Research: mHealth Tools Have not Been Fully Studied | Healthcare Informatics Magazine | Health IT | Information Technology Skip to content Skip to navigation

Research: mHealth Tools Have not Been Fully Studied

August 18, 2015
by Rajiv Leventhal
| Reprints

While smartphone apps and wearable sensors have the potential to help people make healthier lifestyle choices, evidence of these mHealth tools being effective for or reducing risk factors for heart disease and stroke is limited, according to new research.

These findings are according to a scientific statement from the American Heart Association, published in the association’s journal Circulation. The new statement reviewed the small body of published, peer-reviewed studies about the effectiveness of mobile health technologies for managing weight, increasing physical activity, quitting smoking and controlling high blood pressure, high cholesterol and diabetes.

“The fact that mobile health technologies haven’t been fully studied doesn’t mean that they are not effective. Self-monitoring is one of the core strategies for changing cardiovascular health behaviors. If a mobile health technology, such as a smartphone app for self-monitoring diet, weight or physical activity, is helping you improve your behavior, then stick with it,” said Lora E. Burke, Ph.D., lead author of the statement and professor of nursing and epidemiology at the University of Pittsburgh.

Currently, one in five American adults use some technology to track health data and the most popular health apps downloaded are related to exercise, counting steps, or heart rate. The mHealth technologies examined in the statement correspond to the goals in the American Heart Association’s Life’s Simple 7, which are seven simple ways to improve your heart health—eating better, being more active, managing your weight, avoiding tobacco smoke, reducing blood sugar, and controlling both cholesterol and blood pressure.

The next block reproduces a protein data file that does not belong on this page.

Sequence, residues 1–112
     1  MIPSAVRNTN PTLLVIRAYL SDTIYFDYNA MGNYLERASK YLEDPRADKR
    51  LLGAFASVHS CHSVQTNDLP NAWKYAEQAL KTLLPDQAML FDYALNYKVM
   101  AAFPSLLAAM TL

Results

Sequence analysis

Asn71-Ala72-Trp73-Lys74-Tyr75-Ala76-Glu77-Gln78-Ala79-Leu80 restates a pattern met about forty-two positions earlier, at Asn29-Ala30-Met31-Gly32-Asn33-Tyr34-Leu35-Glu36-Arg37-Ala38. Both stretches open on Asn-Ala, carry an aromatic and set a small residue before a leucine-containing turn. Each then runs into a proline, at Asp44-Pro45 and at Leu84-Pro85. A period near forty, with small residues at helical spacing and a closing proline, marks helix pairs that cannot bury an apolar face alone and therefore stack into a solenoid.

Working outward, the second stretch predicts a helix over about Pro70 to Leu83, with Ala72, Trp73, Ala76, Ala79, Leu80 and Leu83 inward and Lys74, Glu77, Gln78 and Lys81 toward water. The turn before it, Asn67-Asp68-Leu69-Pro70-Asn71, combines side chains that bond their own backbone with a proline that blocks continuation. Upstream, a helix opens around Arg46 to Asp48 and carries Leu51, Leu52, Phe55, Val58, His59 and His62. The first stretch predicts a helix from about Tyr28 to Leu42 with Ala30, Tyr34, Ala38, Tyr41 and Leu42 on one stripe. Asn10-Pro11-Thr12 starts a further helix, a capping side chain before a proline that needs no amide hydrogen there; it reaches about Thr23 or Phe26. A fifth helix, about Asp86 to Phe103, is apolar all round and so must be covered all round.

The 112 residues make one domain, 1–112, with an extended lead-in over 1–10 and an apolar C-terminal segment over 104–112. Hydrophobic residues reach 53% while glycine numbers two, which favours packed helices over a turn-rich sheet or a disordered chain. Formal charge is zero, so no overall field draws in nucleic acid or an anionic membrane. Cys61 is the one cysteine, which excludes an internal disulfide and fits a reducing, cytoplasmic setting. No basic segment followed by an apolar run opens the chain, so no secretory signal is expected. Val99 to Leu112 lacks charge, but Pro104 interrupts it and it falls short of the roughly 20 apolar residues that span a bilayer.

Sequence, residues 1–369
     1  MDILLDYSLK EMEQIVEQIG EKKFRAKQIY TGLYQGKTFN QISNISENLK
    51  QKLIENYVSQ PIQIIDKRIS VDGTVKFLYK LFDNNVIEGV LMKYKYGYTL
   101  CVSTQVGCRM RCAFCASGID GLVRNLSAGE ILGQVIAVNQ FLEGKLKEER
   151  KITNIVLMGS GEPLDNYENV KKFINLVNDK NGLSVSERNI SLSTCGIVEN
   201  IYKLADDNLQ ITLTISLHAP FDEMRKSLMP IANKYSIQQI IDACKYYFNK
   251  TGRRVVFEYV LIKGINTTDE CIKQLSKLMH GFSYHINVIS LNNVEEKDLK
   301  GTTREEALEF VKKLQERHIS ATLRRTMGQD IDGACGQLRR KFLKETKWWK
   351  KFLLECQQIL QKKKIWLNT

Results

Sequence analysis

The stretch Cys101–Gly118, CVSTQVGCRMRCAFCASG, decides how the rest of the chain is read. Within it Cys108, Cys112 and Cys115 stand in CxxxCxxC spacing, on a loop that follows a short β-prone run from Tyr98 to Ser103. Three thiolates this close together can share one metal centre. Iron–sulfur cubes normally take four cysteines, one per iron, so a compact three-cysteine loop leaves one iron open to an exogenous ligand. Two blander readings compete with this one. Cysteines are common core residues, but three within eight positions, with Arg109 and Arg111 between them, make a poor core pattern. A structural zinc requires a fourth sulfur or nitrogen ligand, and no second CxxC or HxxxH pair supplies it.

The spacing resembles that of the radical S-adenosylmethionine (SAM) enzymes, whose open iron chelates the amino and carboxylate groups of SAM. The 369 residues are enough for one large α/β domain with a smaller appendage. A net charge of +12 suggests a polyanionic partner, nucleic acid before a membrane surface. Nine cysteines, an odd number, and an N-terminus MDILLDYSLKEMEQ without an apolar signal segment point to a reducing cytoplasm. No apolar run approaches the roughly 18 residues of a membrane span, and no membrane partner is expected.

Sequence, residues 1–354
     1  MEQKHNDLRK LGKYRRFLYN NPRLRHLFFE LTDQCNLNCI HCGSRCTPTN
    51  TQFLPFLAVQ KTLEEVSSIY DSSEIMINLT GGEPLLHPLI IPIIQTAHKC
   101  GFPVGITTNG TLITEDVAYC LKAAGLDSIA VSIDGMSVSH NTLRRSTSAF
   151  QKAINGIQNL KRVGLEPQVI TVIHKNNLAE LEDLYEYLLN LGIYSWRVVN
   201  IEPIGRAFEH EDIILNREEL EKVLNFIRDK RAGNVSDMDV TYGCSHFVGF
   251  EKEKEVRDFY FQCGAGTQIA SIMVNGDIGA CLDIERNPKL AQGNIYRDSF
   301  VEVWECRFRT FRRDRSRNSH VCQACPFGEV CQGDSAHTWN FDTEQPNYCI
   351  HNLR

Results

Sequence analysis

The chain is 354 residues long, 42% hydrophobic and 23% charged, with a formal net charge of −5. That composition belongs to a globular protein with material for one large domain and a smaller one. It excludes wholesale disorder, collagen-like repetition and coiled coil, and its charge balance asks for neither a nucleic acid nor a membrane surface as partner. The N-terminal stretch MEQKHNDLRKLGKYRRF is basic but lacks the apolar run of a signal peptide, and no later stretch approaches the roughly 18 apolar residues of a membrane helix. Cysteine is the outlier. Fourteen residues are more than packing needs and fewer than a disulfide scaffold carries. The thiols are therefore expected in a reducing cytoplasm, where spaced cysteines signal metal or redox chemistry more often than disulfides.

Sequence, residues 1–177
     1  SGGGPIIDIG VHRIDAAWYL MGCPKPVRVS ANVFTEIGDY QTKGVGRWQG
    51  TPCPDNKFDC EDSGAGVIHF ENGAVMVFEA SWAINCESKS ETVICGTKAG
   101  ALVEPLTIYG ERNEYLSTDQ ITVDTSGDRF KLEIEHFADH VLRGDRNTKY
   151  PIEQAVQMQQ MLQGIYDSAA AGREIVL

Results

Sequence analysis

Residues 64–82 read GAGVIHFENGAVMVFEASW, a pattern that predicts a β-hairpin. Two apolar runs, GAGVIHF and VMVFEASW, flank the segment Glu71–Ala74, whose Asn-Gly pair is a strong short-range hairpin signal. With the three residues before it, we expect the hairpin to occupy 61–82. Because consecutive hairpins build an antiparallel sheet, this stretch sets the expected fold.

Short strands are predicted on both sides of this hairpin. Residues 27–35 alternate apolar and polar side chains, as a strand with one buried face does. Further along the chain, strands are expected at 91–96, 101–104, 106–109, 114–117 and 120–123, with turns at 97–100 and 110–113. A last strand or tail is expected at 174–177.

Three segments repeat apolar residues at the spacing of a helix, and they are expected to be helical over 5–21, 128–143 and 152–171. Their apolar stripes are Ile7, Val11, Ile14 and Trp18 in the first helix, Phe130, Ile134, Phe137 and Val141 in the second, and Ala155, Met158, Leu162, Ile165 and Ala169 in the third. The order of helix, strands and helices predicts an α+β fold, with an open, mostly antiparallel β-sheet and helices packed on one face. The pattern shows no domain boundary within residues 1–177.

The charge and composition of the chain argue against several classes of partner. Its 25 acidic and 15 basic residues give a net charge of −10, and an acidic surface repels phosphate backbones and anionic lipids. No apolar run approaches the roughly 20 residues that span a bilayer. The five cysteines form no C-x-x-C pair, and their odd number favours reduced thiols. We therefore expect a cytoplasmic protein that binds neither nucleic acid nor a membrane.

Currently, there is little or no U.S.-based mHealth technology research on diabetes, blood pressure or cholesterol management. Statement authors reviewed mHealth randomized clinical trials and meta-analyses from the last decade. Most mHealth technology studies were short-term and limited in size. “Nevertheless, don’t dismiss the possibility that these devices and apps can help you be heart healthy,” Burke said.

Get the latest information on Health IT and attend other valuable sessions at this two-day Summit providing healthcare leaders with educational content, insightful debate and dialogue on the future of healthcare and technology.

Learn More

Topics

Comments

Most of the fitness apps proves beneficial for making people more healthy .In this digital world we find lot of fitness gadgets that helps people to track their health related information.

News

Healthcare Execs Anticipate High Cost Returns from Predictive Analytics Use

Healthcare executives are dedicating budget to predictive analytics, and are forecasting significant cost savings in return, according to new research from the Illinois-based Society of Actuaries.

Adam Boehler Tapped by Azar to Serve as Senior Value-Based Care Advisor

Adam Boehler, currently director of CMMI, has also been named the senior advisor for value-based transformation and innovation, HHS Secretary Alex Azar announced.

Vivli Launches Clinical Research Data-Sharing Platform

On July 19 a new global data-sharing and analytics platform called Vivli was unveiled. The nonprofit group’s mission is to promote, coordinate and facilitate scientific sharing and reuse of clinical research data.

Survey: More Effective IT Needed to Improve Patient Safety

In a Health Catalyst survey, physicians, nurses and healthcare executives said ineffective information technology, and the lack of real-time warnings for possible harm events, are key obstacles to achieving their organizations' patient safety goals.

Physicians Still Reluctant to Embrace Virtual Tech, Survey Finds

While consumers and physicians agree that virtual healthcare holds great promise for transforming care delivery, physicians still remain reluctant to embrace the technologies, according to a new Deloitte Center for Health Solutions survey.

Geisinger, AstraZeneca Partner on Asthma App Suite

Geisinger has partnered with pharmaceutical company AstraZeneca to create a suite of products that integrate into the electronic health record and engage asthma patients and their providers in co-managing the disease.